FEAST OF THE SEVEN FISHES COOKING SCHOOL MENU
We wanted to include the menu and recipies for the 2012 FOSF cooking school. For those of you unable to attend, here's what was on the agenda for last Staurday's event.
Garlic Whisky Shrimp
36-38 large shrimp
4 cloves garlic
Pure olive oil (not evoo)
Heat oil over medium heat, add garlic, the rinds of one orange & three lemons - sauté until garlic browns (do my burn).
Slot out the garlic and rinds, add shrimp (rinsed and deveined), sprinkle salt, turn shrimp over and make three passes of the whiskey.
When pink and firm remove from heat, garnish with orange & lemon slices.
Baccala (Salted Cod) Salad
(Based on the recipe prepared by our Grandma Clara Fraternali Colantino (1901). Grandma was from the Village of Guidonia Montecelio in the region of Roma. She married Grandpa Domenico Colantonio/Dominick Colantino (1893) who was from the Village of Cerchio in the region of Abruzzi. We learned from family members that Grandma did not serve this dish at the large Christmas Eve dinner. Instead, she made it for our dad, Frank Bitonti Jr., who liked it during the post Midnight Mass visits. Karen Bitonti Larry, Veronica Bitonti Shultz)
1 ½ # Baccala (cooked and shredded)
1 C Oliverio (or your own home canned) hot peppers in vinegar
1 C celery
1 C celery leaves
1 C black olives
1 C green olives
1 C onion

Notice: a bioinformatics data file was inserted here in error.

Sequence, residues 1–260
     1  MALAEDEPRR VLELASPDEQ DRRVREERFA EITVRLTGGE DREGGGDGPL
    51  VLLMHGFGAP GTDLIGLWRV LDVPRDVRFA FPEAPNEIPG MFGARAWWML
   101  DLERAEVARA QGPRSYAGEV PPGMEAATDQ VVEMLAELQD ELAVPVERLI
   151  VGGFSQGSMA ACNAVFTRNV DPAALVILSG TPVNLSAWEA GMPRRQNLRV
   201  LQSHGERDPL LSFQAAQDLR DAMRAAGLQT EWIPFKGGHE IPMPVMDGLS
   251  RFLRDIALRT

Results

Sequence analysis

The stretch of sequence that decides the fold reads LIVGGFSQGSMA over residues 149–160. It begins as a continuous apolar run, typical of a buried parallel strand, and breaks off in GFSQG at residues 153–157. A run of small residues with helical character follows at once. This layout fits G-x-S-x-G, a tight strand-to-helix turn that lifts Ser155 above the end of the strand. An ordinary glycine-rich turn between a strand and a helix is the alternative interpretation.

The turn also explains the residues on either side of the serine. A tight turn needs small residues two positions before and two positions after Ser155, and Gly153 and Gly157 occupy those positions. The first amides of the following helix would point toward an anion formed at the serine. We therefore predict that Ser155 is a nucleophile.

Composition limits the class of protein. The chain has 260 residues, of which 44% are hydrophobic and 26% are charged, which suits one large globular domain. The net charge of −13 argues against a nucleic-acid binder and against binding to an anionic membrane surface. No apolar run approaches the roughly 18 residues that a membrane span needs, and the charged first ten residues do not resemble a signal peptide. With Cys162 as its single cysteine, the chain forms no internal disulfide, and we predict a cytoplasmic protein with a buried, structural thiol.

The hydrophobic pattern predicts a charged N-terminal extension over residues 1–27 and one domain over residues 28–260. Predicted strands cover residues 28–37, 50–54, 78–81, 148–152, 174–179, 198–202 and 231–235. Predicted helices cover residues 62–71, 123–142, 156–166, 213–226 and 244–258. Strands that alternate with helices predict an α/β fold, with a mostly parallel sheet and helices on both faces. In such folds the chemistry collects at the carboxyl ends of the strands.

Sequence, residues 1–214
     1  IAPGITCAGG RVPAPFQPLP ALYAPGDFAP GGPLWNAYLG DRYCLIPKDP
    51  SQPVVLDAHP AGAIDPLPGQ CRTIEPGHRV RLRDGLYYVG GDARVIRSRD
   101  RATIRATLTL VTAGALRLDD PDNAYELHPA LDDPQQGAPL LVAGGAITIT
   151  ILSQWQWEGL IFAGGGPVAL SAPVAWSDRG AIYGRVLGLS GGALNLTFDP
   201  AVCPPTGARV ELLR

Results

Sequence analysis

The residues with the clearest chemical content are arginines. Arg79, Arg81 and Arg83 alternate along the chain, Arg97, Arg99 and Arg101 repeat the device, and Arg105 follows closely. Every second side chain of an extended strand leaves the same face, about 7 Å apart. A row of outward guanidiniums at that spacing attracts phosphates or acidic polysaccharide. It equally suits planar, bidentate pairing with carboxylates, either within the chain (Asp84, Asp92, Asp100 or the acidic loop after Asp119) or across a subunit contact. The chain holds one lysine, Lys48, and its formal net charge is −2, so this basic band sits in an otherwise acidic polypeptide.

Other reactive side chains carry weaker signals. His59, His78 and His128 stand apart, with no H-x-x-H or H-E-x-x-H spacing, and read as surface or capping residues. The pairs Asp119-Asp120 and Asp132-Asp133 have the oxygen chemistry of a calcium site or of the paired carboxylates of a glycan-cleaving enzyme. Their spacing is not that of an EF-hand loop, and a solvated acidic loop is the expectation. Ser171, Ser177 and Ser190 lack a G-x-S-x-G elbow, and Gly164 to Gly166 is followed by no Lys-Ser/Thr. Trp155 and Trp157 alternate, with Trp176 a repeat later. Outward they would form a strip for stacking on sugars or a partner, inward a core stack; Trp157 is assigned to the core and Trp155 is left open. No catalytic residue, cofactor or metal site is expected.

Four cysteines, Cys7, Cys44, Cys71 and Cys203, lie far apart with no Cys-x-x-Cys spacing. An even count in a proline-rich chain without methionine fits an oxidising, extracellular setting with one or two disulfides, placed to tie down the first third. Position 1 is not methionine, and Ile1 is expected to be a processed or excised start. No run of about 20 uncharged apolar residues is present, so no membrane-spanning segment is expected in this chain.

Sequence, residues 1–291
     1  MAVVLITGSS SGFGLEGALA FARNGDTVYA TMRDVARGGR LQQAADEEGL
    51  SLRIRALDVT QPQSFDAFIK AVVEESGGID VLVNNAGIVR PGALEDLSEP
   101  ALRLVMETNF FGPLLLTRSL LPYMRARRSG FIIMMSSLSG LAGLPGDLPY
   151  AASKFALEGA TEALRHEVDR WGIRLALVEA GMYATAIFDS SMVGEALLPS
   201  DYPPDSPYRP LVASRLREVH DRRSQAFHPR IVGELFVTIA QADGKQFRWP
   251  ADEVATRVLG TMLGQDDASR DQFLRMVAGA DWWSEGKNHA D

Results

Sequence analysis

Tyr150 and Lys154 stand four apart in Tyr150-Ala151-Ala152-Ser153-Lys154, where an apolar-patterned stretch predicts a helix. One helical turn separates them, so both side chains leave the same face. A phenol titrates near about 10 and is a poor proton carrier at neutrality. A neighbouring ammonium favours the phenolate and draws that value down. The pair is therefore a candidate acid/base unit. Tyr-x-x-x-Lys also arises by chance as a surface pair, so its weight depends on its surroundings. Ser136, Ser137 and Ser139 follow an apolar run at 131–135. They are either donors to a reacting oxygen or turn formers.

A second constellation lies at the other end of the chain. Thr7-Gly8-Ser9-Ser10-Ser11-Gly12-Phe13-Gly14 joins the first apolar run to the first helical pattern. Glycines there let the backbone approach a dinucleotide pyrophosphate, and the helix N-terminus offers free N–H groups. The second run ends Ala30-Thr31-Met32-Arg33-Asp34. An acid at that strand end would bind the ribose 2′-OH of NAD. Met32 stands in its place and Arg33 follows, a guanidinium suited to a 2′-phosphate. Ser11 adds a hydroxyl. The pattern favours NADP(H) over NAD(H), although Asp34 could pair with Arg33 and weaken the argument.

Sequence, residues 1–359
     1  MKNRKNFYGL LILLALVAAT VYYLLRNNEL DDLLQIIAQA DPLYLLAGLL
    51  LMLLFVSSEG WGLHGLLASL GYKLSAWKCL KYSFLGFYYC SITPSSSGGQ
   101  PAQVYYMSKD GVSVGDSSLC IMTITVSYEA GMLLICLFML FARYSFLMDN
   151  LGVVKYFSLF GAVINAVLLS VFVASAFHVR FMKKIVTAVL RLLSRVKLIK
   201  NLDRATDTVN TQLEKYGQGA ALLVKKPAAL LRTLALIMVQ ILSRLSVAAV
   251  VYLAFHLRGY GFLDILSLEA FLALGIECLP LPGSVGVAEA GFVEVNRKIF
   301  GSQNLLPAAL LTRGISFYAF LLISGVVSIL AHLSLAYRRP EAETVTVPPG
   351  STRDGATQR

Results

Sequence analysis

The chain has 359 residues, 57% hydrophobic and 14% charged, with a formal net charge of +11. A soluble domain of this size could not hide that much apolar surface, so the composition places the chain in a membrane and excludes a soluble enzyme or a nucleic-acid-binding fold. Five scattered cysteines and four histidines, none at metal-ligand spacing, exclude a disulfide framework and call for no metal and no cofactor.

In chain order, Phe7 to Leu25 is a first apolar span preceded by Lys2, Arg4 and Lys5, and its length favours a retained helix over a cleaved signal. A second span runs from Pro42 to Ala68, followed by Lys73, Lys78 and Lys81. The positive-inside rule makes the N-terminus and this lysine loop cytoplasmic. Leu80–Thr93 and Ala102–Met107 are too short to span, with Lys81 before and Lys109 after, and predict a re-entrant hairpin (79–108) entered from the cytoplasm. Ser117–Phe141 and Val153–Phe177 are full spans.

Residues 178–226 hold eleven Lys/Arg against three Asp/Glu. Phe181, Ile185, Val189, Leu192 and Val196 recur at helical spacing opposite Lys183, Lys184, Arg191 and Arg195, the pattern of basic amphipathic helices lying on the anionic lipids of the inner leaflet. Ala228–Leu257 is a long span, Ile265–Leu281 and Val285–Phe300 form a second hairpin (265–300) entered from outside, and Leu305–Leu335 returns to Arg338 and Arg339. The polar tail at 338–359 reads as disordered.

3 cloves garlic
Coarse black pepper to taste
Few shakes of dried basil
¾ C olive oil
Cook Baccala. Different sources give different directions for this cooking. Robert Germano’s The Eve of Seven Fishes book says cook for four minutes in boiling water, cool, and shred. Rao’s Cookbook says to soak salt cod in cold water to cover in a cool spot for at least 24 hours and up to 3 days, changing the water frequently. After 24 hours, break off a small piece and taste for saltiness. If fish still quite salty, continue soaking until water is very clear and fish is almost sweet in taste. In large, heavy saucepan, bring approximately 6 quarts of water to a boil. Add cod and boil for 10 minutes or until fish easily flakes with a fork. Drain in colander, place on platter, remove any skin/bones, and break into bite size pieces. Finely chop peppers, celery, celery leaves, black olives, green olives, onion, garlic and combine with the cod. Sprinkle with coarse black pepper, sprinkle with dried basil, drizzle with olive oil. Then refrigerate on a platter or in a pretty bowl, covered until cold.